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51 of 62 people (82%) found this review helpful
0.2 hrs on record
Posted: August 29, 2014
THIS GAME USES DRM OF THE WORST KIND. You've been warned.

The dev doesn't care about this version anyway, he just works on mobile ports now. Guess that's where the real money is nowadays. NSS5 is still kinda fun, but the game has huge amount of small problems (completely broken match rating system, the game's too easy).

NSS5 is still better than 4 (in which the dev tried to use a 3D engine and failed miserably) but it's just not worth any money. Get NSS3 or 2.
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41 of 50 people (82%) found this review helpful
5 people found this review funny
0.9 hrs on record
Posted: October 15, 2014
Urgh, this is just a terrible game. I enjoyed the mobile game until the developer got greedy and turned it into a pay to win game, I played some of the older NSS PC games and found them to be challenging but fun...

This version feels lifeless, a grind against a ruthless manager and players that have as much vision as a 15 year old labrador with cataracts. As a player you feel like you're a golf cart with the slow turning speed and wide turning circle. You can use your ability to read the game to make through balls which can set your team up with a scoring chance and possibly even praise from your manager. This is something that your fellow teammates cannot do, when you call for the ball they go straight to your feet, since this isn't immediate in some cases you have to turn yourself (golf cart) back into the position you were in and by that time the play is dead and in most cases the ball is lost, all your fault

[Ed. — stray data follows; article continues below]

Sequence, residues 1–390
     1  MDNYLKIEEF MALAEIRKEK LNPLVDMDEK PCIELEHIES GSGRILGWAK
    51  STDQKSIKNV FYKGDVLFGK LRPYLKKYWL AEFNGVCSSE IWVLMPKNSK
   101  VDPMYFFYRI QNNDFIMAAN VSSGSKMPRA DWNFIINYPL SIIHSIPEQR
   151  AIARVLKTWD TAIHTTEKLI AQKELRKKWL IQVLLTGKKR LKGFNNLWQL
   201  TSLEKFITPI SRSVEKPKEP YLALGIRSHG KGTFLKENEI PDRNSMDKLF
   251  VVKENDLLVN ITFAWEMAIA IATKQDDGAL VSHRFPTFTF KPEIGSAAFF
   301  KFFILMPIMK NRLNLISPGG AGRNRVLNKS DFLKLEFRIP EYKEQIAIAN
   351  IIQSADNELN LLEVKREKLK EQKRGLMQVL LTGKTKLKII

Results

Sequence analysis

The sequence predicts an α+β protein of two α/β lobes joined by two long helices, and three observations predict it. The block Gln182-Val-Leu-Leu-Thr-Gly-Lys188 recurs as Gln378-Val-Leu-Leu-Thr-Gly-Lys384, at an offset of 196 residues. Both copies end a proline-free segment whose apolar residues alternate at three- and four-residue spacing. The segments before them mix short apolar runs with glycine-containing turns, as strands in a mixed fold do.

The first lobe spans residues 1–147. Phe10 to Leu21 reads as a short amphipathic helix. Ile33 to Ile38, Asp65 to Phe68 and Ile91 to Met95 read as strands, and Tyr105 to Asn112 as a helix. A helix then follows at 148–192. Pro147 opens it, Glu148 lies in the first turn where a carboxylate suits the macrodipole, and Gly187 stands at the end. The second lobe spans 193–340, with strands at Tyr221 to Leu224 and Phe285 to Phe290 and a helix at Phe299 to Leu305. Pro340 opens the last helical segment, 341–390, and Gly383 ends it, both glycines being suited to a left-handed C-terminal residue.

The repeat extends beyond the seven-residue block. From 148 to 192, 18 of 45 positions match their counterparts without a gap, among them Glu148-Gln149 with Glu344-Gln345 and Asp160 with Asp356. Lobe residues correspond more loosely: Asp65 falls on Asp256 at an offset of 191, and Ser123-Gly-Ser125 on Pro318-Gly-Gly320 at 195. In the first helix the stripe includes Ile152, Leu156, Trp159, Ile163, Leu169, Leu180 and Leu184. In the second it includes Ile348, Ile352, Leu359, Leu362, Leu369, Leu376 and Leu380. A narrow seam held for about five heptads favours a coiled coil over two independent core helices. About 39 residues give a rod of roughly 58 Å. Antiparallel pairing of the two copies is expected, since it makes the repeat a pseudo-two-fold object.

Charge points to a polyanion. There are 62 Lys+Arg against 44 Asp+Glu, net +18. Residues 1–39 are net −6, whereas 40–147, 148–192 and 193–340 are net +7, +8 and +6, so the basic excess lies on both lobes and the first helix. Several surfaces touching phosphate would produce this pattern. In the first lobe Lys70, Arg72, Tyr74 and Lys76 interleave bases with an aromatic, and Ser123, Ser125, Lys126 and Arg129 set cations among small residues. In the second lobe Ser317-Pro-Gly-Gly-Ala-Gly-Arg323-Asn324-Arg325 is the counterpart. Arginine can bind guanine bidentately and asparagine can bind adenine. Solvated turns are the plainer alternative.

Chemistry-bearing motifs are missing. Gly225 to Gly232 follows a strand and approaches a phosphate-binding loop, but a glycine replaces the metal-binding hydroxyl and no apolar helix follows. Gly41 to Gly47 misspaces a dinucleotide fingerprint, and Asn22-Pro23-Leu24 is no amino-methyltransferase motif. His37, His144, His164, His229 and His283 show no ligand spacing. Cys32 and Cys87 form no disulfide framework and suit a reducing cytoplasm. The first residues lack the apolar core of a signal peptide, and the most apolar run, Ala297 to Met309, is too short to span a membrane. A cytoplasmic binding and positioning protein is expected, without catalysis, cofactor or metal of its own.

I'm sure with more play I'd adapt to the way the game wants me to play it, but in a world of FIFA and PES there is no room for such amateur gameplay

The energy issue is a common problem in modern NSS games. I lost 40% of my energy on a plane journey to east Europe as part of Europa League game; did I walk? was I pulling the bus? So you buy NRG (oops.. stomach cramps!) and it gives you barely enough energy to last an entire game; if you come on as a sub you get barely enough time to get into the game, try to crank the game time up and you get asked to become a premium member

The developer has fallen far from grace, once a beloved indie developer turned cash hungry EA type wannabe who clearly no longer cares about the PC fan base that gave them their fame